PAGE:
2050, Paris n'est plus qu'un torrent de violences, le terrain de jeu de fanatiques déchus. L'air n'est plus respirable. Les hologrammes ont remplacé les hommes. Le travail n'est plus que le privilège de quelques-uns. Sous l'hégémonie de Dame Consommation, il est devenu interdit de fabriquer et réparer.
Ce livre est un signal d'alerte. Il est futuriste sans être fantaisiste. Un livre terrifiant de vérités aux premières pages et saisissant d'espoir aux dernières. Un très beau roman d'anticipation, empli d'humanité. Un bel appel au vivre ensemble et au retour à l'autosuffisance.
As part of a far-reaching programme of economic reforms, the Egyptian government is seeking to improve its business climate to attract more investment and stimulate growth and job creation. The Egyptian Ministry of Investment has asked the OECD to carry out an in-depth assessment of Egypt's business climate to identify policy priorities and actions needed to foster more domestic, regional and international investment. This report presents the results of that assessment. It also highlights Egypt's key reform priorities and describes the challenges and opportunities in improving Egypt's business climate to help Egypt realise its full potential as a high-growth economy.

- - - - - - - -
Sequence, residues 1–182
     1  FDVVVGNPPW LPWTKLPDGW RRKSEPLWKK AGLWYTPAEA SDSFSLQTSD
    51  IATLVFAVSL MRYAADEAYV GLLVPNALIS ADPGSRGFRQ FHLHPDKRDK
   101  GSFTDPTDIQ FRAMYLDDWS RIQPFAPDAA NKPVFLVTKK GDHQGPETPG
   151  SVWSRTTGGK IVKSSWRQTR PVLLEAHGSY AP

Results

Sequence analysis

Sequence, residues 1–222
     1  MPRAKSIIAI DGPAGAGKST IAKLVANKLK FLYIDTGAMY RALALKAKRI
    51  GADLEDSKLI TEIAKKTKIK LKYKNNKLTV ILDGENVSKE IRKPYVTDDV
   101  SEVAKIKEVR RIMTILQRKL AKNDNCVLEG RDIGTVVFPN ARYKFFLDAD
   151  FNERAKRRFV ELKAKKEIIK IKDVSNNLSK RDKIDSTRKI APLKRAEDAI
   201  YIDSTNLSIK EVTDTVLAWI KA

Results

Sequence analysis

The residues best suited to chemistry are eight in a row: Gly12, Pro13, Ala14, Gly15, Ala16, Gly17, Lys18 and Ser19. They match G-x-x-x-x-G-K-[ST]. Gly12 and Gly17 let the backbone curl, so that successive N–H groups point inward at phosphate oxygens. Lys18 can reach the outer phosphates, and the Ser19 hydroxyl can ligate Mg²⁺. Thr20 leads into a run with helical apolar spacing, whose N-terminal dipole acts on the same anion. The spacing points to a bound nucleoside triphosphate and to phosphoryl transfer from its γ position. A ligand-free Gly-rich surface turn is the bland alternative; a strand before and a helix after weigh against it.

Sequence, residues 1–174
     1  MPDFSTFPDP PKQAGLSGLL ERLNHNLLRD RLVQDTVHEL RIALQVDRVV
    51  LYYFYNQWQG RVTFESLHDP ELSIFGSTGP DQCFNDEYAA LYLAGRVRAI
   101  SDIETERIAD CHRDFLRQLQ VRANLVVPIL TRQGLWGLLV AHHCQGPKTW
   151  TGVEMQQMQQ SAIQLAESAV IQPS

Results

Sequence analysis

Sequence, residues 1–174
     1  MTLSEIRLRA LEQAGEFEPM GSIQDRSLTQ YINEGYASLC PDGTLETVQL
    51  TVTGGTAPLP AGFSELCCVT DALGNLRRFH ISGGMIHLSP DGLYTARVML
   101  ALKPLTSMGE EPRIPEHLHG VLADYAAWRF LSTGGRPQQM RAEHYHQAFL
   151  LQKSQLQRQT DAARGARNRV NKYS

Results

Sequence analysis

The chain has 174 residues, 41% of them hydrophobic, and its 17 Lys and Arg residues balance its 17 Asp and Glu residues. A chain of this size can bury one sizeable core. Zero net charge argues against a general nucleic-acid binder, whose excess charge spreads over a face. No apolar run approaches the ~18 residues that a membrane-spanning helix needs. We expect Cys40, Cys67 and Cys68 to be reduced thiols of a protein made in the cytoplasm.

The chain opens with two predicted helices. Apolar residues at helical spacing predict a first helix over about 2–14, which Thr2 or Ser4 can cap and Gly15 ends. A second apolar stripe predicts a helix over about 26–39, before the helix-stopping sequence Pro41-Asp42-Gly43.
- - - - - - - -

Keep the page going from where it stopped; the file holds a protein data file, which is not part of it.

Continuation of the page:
The OECD assessment is the first phase of a Business Climate Development Strategy (BCDS) which identifies policy priorities and proposes specific reforms and actions to enable Egypt to achieve measurable improvements in its business climate. One key finding is that Egypt's investment and trade policy reforms have moved the country's business climate closer to best practice in OECD economies. However, the report notes that to attract further private investment, Egypt needs to improve the country's anti-corruption measures, skills development, infrastructure and access to finance, especially for the country's small-and-medium sized enterprises. BCDS Egypt offers specific recommendations on how policies, institutions and regulations can be improved to increase predictability for investors and make Egypt a prime investment destination.
This review was carried out as part of the wider MENA-OECD Investment Programme. It uses a new BCDS methodology that evaluates the business climate in 12 policy areas and draws on core OECD instruments, such as the Policy Framework for Investment (PFI), which have been successfully applied in other countries. By helping countries prioritise their actions and build consensus among stakeholders, the BCDS process supports the successful implementation of reforms to develop the private sector in the MENA region.